Yeah, the bigness of it is really important. Because that’s part of when I go to the sea, what I look for is the horizon, and the hugeness of it, and that feeling of being small and insignificant, and that’s great, because it means your problems are also small and insignificant here. And so, standing at the edge of the ocean, you’re like, you know what, it’s not so bad. And so to get that feeling of epicness into it, was a massive part of it. Also, my influences would be people like Kate Bush, and Enya, who are massive, massive sounds. So I’m always reaching for that, because that’s what I love.


R: So when you’re at the sea then, is your place at the edge or is it underwater, where is it?

 A: I think it’s at the edge actually. When I when I think about myself there, and when I’m most conscious of the goodness of it, it’s standing, you know, in the sand at a slightly high point where you can see into the distance. And I think that’s because I’m currently living in the centre of Dublin, and that’s what I lack here. No matter where you look, there’s something within four or five metres of you here. And so that’s what I crave. Whereas, at another time, maybe it would be immersion or submersion that I’d want.  And I love sea swimming, I love it. But like, sometimes I don’t bother. Sometimes I just go for a walk. You know, it’s not it’s not just the water, it’s the whole thing, for me. It’s the smell as well. The smell, the sand and the grasses and whatever just washed up and died. It’s all part of it!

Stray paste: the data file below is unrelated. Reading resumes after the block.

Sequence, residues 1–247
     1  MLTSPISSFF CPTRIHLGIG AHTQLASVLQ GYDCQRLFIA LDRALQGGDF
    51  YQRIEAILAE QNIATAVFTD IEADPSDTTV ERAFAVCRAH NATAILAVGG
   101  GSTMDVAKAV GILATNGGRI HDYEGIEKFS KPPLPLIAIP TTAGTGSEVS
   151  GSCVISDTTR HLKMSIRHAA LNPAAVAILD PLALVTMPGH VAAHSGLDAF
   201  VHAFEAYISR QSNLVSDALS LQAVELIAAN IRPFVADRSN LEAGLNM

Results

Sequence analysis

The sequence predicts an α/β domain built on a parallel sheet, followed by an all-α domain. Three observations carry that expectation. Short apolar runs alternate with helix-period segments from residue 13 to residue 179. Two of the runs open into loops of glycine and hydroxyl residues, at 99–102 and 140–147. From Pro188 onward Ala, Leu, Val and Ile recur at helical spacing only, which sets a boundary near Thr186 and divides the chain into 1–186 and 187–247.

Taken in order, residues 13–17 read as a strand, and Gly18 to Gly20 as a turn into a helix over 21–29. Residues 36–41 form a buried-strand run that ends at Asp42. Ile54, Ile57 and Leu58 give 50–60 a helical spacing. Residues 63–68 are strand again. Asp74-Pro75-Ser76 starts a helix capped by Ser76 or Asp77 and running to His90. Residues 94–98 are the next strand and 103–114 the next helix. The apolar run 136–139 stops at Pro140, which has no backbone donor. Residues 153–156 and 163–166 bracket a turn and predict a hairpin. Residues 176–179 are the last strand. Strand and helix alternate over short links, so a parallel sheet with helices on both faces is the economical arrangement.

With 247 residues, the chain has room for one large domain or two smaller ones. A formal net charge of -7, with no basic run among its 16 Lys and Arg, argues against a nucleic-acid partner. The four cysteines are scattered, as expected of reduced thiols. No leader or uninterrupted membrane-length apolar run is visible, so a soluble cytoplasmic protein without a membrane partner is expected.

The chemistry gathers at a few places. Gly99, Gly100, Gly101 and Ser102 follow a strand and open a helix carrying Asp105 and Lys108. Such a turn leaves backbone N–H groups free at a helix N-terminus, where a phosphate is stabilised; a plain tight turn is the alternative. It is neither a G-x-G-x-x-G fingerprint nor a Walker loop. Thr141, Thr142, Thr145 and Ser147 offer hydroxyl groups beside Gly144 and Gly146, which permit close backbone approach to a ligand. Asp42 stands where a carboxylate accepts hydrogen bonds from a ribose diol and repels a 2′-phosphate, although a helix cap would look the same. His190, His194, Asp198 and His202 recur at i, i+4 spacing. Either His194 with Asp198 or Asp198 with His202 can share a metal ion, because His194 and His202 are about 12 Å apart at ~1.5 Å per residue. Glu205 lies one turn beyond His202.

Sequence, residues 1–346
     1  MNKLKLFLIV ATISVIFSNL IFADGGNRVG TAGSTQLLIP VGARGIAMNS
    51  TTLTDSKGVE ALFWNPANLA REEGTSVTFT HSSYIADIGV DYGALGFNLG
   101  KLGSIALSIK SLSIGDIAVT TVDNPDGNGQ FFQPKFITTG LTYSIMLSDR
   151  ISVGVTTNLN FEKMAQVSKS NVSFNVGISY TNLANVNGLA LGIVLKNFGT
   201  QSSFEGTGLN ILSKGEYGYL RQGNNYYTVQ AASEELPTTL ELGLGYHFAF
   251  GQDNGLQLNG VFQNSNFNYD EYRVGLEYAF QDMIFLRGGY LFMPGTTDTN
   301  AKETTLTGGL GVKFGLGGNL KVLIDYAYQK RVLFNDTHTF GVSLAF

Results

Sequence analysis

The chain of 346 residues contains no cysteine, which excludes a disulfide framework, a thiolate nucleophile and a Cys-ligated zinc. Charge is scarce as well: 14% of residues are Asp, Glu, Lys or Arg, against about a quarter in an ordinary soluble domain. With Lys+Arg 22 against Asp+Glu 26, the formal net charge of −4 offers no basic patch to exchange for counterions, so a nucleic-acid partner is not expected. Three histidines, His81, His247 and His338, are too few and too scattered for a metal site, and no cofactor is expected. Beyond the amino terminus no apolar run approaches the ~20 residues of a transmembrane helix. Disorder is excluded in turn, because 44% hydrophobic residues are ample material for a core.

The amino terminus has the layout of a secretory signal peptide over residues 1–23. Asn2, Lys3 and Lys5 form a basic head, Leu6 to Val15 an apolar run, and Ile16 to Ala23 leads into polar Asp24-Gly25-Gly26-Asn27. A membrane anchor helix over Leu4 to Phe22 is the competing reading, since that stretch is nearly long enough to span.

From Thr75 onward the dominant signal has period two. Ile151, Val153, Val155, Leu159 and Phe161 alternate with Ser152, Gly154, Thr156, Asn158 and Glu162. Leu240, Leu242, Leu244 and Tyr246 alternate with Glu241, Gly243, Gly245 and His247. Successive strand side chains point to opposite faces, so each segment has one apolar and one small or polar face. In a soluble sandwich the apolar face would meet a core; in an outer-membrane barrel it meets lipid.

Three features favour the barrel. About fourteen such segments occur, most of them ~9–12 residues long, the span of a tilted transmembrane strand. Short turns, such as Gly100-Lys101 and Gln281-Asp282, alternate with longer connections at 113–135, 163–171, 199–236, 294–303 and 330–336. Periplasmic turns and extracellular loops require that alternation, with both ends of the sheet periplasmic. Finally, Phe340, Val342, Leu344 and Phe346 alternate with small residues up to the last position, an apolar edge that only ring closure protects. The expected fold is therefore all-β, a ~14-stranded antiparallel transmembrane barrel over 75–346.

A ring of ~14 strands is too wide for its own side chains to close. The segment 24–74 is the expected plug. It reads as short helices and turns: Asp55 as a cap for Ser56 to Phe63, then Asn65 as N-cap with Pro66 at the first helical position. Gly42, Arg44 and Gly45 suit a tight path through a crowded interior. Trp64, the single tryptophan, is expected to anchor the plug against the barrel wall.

R: But it still seems to be that kind of liminal space that you’re occupying when you’re there.

 A: Yeah, that precipice is important.


R: And that’s very much the feeling that comes through from it. I really want to know more about the otherworldly sea creature. Where did she come from? I love her!